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Inexpensive 3D views in a binocular telescope

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#1 bcarter1234

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Posted 14 February 2020 - 10:51 PM

I wanted to share an experience from last night to see if it is repeatable for others or just a fluke of my particular observing system from objectives to visual cortex. 

 

While trying to determine the magnification of a pair of eyepieces salvaged from a Tasco Zip binocular. I have 23mm, 20mm and 18mm eyepieces to compare them with. I put one of the Zip EPs in one side and a Vite 23mm in the other of Mr Bill's Bino Box Redux, a 127mm asymmetrical binocular telescope.

 

At first I was just looking at each in turn with my left eye. The salvaged EP had a slightly larger image scale. It dawned on me that both were coming to focus at very nearly the same height so I refocused the right side for my right eye and took a binocular look. The impression of depth was immediate and unmistakable. I was looking at M42 and the stars seemed to really be at various distances. It was like looking at a 3D image in a stereoscope. 

The image is not without flaws as obviously at some point out from center the stars no longer overlap so you see offset duplicates. Still the impression of the object in the center is well worth it.

 

I hope to try soon with some other unmatched EP pairs to see how it works at other separations and if switching sides makes a difference. I'll also see if the same effect is generated in a binoviewer.

 

I hope others will give it a try and share their experience. 

 

Thanks for reading.

 

Take care,

Brent 


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#2 range88

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Posted 14 February 2020 - 11:37 PM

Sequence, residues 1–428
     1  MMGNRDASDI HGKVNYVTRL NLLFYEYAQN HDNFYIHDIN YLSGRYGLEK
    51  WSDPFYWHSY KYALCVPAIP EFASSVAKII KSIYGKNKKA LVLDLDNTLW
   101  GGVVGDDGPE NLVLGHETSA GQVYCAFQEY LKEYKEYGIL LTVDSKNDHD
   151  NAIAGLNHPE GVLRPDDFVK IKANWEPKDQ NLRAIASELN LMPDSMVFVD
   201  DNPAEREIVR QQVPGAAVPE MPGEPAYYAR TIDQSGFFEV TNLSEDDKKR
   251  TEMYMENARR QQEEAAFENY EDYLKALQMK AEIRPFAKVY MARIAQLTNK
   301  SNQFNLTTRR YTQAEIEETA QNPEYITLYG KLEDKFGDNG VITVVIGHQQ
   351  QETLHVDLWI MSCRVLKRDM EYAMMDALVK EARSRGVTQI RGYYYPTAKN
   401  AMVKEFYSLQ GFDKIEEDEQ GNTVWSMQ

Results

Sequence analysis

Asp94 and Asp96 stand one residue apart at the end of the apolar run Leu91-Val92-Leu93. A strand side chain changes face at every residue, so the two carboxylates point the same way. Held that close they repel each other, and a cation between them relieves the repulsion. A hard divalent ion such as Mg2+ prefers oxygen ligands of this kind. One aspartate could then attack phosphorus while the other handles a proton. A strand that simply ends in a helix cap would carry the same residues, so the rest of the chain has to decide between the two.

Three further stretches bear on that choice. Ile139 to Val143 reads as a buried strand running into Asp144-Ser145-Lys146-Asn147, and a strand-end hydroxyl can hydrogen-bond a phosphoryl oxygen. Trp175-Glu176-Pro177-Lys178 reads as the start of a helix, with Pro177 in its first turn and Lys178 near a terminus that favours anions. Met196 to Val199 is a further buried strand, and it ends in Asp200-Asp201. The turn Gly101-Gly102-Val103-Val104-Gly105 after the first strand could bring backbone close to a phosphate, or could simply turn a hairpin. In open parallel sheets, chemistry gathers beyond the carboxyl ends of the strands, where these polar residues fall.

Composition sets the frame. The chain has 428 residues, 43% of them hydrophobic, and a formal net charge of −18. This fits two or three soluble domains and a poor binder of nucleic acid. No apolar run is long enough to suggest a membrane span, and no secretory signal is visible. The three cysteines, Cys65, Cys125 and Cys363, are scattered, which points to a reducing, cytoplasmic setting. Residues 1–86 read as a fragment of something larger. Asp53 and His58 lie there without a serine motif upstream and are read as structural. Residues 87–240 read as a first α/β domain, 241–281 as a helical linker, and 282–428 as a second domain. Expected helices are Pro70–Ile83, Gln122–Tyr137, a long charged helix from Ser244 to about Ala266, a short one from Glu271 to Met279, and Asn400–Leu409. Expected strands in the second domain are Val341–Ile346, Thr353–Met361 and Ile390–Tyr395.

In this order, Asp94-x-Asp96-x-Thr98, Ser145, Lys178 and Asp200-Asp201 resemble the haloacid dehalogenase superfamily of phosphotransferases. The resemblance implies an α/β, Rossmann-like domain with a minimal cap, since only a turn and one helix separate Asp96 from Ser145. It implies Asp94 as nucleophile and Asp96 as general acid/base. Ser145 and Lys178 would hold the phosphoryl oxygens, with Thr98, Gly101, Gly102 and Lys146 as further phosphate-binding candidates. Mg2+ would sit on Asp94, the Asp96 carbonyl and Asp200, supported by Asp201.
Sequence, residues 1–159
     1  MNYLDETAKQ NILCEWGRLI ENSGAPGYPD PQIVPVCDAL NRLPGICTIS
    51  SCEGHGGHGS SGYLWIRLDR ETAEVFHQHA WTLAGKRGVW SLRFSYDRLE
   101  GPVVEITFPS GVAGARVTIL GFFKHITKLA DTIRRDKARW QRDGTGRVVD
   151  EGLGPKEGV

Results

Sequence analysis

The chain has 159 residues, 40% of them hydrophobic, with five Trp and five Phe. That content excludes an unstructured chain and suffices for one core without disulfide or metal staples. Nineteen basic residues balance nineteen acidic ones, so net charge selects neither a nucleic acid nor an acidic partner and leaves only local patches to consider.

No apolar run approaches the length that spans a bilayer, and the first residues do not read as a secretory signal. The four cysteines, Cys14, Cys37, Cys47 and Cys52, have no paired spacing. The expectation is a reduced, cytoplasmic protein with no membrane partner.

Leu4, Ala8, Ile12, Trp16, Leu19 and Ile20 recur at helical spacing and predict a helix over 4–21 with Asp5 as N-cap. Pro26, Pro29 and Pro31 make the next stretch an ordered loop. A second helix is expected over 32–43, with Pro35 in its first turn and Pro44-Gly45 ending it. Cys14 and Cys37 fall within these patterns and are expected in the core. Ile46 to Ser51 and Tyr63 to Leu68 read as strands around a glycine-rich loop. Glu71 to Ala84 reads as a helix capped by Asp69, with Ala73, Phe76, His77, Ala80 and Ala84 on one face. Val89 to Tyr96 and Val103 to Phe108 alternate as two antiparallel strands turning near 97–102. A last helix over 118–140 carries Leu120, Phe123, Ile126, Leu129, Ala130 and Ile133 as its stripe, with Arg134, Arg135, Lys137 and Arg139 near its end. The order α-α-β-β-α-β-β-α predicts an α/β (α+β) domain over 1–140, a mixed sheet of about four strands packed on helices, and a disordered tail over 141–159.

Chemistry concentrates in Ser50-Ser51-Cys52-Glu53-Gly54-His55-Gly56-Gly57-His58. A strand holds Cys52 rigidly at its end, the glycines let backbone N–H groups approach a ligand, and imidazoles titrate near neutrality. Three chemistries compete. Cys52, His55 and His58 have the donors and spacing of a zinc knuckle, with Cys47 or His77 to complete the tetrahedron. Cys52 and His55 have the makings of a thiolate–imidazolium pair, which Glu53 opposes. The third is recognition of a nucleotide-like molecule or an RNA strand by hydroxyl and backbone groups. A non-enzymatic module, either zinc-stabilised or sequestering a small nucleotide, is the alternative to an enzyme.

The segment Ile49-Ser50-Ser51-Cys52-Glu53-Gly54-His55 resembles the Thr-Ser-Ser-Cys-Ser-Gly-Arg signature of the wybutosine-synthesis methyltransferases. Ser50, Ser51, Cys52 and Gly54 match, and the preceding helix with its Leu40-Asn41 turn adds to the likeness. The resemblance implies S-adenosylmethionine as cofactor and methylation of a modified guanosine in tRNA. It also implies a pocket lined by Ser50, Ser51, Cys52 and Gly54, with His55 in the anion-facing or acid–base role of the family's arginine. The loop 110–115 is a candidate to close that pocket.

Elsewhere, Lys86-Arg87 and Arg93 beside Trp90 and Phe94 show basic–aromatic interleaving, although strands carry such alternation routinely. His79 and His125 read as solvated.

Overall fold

I believe this is the underlying principle of the Denkmeire 3D eyepieces? 



#3 TOMDEY

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Posted 15 February 2020 - 12:20 AM

Interesting! Binocular depth-perception involves differential L/R parallax. Magnification mismatch is similar enough to manifest as something like that... except that the top and bottom of the field will fail to merge. The effective mil-spec allowable mag mismatch is in the neighborhood of half a percent, before it starts to get distracting. Your affective is many times that. Our eyes can tolerate quite a bit, before eyestrain gets intolerable.    Tom

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#4 TOMDEY

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Posted 15 February 2020 - 12:28 AM

I have these --- lot of fun to use!    Tom

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#5 Taosmath

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Posted 15 February 2020 - 01:51 AM

I  had a somewhat analogous experience some years ago, when I was deciding whether to buy BST 19mm Ep's or Agena 20mm SWA for my Denk II.  I purchased a pair of each to evaluate with the idea I would keep whichever set I preferred and sell the other.

 

In the course of the evaluation, to facilitate immediate & direct comparison I put one model in the left EP holder and the other model in the right and was doing some comparison using my left eye when without thinking , I looked through both EP's simultaneously and noticed with a small effort I could align the images and got an apparent 3D view.  I liked the view (of the Double Cluster IIRC) and showed to to my observing buddy, but he complained it gave him a headache.

 

I never bothered to try it again.



#6 bcarter1234

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Posted 15 February 2020 - 09:20 AM

I believe this is the underlying principle of the Denkmeire 3D eyepieces? 

range88,

 

That was my guess as well and further that the purpose of the array on those EPs was to allow most of the stars in the field to overlap and merge properly since images not passing through the array would have the same magnification on both sides. 

 

Tom,

 

That excerpt describes the experience very well though with a bit more clinical detachment than I maintained. I would have written "...and it causes SPACE DISTORTION!!!" ;-)

 

Taosmath,

 

I didn't notice any deleterious effect with regard to eyestrain but that might vary by individual. I didn't concentrate on the stars outside about 50% from center and made no effort to merge them.

 

Let me know if anyone else tries it. Next up the Double Cluster and M45. Anticipating planets and M57 later this year assuming the effect continues when Barlowed.

 

Take care,

Brent




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